Dementia has the power to make those affected feel isolated – but it doesn’t have to. Those living with dementia and their caretakers can turn to Respite Care Charleston for care programming and social support.
Dementia is a group of symptoms related to the loss of cognitive abilities, like memory, decision making and other executive functions. The most common cause of dementia symptoms is Alzheimer’s disease, but cognitive decline can also stem from other causes like frontotemporal dementia, which often strikes younger people.
The conventional view of dementia usually is of someone with quirky attributes like repetition or confusion and the advanced stage, which requires constant care.
“The reality is, there is this huge gap in between,” said Sara Perry, executive director of Respite Care Charleston.
Lesser-known symptoms can include paranoia, hallucinations, agitation, aggression and a loss of impulse control or empathy – it’s not always a change in memory ability. These symptoms affect the person with dementia and also the one trying to understand, adjust and cope with a changing personality.
“There’s a lot of folks who are managing silently,” said Perry. “We don’t recognize it because it doesn’t fit our preconceived notions.”
These people and their loved ones will often withdraw from their activities and public outings.
“Many people living with the middle stages of dementia seem to be forgotten,” said Perry, whose nonprofit provides support and services to those living with dementia, including patients and caregivers.
Respite Care Charleston offers patients opportunities for socialization and therapeutic activities such as memory fitness games, outdoor activities and art, while giving their caregivers a brief break from caregiving. Its memory care programs are an affordable group option – also offering scholarships – that allow people with dementia to enjoy socialization and therapeutic activities in a safe, dementia-friendly environment. In addition to the day programs, Respite Care Charleston offers support groups and other opportunities for education, problem-solving and strategizing how to identify, access and employ resources.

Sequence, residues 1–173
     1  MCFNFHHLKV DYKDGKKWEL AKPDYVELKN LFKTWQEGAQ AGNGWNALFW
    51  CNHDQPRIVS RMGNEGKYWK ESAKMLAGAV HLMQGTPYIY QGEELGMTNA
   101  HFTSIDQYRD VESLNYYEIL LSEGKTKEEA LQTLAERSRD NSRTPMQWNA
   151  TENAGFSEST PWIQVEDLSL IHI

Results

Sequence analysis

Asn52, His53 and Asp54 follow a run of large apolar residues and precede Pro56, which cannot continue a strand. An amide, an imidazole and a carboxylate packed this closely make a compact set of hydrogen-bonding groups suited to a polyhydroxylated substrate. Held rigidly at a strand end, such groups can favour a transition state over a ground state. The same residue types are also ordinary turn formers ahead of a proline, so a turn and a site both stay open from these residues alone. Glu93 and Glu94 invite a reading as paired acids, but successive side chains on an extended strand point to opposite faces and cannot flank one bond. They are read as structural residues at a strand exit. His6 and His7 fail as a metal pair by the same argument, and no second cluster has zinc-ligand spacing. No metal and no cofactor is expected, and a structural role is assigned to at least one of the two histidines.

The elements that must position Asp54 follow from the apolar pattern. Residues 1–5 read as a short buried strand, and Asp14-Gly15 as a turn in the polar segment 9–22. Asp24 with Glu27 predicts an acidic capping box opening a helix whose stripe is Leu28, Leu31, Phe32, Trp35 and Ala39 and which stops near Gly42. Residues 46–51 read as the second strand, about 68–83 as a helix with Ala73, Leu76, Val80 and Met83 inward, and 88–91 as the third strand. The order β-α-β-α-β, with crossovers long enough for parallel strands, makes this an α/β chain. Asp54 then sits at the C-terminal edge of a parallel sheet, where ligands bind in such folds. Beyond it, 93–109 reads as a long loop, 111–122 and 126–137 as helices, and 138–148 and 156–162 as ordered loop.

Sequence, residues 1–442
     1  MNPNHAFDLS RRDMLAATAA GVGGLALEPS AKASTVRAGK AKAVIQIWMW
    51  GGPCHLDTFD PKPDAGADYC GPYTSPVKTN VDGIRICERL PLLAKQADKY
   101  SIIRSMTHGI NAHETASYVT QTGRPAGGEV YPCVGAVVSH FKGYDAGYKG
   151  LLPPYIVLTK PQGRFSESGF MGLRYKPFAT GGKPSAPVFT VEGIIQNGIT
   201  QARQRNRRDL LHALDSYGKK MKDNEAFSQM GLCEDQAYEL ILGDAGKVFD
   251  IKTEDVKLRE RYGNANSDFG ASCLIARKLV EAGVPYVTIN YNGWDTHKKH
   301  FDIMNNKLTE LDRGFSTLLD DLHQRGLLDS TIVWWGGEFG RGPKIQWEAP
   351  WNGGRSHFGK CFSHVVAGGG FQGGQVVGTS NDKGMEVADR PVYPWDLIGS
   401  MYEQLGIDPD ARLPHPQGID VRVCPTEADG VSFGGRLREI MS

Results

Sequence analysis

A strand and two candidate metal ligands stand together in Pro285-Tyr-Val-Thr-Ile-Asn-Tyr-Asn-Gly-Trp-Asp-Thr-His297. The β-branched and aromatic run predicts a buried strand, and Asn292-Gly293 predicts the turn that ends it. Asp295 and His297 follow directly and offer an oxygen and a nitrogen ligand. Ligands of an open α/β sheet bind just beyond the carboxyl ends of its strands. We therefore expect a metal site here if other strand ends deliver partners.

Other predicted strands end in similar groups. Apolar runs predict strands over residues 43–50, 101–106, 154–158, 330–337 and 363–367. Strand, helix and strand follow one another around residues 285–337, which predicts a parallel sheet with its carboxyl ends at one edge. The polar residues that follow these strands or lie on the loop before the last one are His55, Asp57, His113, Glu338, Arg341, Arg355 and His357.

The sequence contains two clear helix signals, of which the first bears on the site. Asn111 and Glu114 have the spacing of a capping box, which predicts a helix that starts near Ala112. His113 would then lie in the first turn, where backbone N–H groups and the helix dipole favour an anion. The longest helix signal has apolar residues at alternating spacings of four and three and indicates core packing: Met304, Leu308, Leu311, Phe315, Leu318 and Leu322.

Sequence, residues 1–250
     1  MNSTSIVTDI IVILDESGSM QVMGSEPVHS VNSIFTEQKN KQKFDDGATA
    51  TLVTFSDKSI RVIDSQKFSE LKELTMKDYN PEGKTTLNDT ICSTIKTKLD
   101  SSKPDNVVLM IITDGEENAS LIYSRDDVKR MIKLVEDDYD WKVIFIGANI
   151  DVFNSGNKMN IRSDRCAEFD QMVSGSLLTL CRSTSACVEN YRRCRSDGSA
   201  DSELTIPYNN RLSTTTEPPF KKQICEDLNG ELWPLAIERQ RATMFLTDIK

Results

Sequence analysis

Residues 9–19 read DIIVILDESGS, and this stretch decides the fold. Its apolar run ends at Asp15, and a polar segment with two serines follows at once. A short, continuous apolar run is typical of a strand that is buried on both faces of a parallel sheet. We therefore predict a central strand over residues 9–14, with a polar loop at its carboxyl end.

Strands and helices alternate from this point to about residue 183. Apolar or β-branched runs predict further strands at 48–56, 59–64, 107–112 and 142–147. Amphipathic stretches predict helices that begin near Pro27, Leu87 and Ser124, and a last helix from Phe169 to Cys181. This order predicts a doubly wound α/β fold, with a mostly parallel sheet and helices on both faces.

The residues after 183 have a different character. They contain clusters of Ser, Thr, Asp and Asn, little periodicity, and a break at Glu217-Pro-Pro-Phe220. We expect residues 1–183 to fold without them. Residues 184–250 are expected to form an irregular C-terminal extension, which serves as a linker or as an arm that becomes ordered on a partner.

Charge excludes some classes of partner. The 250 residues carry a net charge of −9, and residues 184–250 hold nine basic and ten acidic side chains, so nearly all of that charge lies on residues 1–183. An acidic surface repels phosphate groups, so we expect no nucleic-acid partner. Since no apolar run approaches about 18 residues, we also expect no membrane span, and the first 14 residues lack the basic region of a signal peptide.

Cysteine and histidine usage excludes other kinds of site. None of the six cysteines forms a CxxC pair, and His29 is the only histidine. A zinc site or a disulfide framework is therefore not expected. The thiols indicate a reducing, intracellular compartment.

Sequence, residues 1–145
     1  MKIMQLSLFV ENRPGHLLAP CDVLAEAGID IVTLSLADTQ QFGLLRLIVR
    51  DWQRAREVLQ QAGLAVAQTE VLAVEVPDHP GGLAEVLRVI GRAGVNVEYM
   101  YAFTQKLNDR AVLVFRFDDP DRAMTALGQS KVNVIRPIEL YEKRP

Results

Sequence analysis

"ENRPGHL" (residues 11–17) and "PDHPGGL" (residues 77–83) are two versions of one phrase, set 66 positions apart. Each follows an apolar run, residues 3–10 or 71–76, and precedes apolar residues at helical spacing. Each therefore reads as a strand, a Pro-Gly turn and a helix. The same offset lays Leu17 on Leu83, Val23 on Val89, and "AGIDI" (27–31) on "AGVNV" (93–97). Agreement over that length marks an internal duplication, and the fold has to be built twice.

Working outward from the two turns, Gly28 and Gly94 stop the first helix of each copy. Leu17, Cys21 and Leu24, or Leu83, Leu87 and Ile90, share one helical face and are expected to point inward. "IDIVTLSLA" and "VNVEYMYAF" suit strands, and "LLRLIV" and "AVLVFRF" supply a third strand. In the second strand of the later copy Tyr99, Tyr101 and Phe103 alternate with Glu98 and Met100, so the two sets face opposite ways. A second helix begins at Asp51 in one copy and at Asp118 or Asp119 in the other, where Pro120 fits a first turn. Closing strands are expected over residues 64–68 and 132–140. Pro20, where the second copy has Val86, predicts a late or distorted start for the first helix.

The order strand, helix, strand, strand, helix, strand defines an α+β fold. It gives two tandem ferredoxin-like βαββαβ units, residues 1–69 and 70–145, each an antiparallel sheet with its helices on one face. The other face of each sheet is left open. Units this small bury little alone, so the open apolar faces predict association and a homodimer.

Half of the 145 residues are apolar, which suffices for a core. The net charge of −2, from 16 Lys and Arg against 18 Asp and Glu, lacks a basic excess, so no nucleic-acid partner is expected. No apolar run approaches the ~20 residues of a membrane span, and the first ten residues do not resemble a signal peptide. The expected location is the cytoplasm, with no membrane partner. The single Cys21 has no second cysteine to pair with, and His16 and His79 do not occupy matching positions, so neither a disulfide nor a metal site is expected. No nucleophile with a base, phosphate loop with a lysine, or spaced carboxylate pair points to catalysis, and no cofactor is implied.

It’s often challenging to secure medical testing for someone with symptoms of dementia because they’re unable to recognize the signs in themselves.
“Caregivers may think their loved one is in denial, when they’re actually experiencing anosognosia – another symptom where the brain can’t recognize or understand their symptoms. It’s like their brains are lying to them,” Perry explained.
When it’s necessary to make lifestyle interventions, Respite Care’s team is there for that, too, with one-on-one consultations and “tips and tricks” for everything from behavioral worries to financial document planning.
Casting a net of support is meaningful to caregivers who manage the symptoms, safety and quality of life of dementia patients. Caregivers sometimes feel as though others do not know what they are going through, especially when their loved one with dementia can appear to function “normally” for short periods of time while with company.
Understanding realities for caregivers and the potential for feeling isolated, Respite Care Charleston offers support groups as a place for learning from other caregivers, sharing laughter and tears, connecting to resources and finding friendship.
For them, it’s about creating more good days – for everyone.
For more information, call 843-647-7405 or visit respitecarecharleston.org.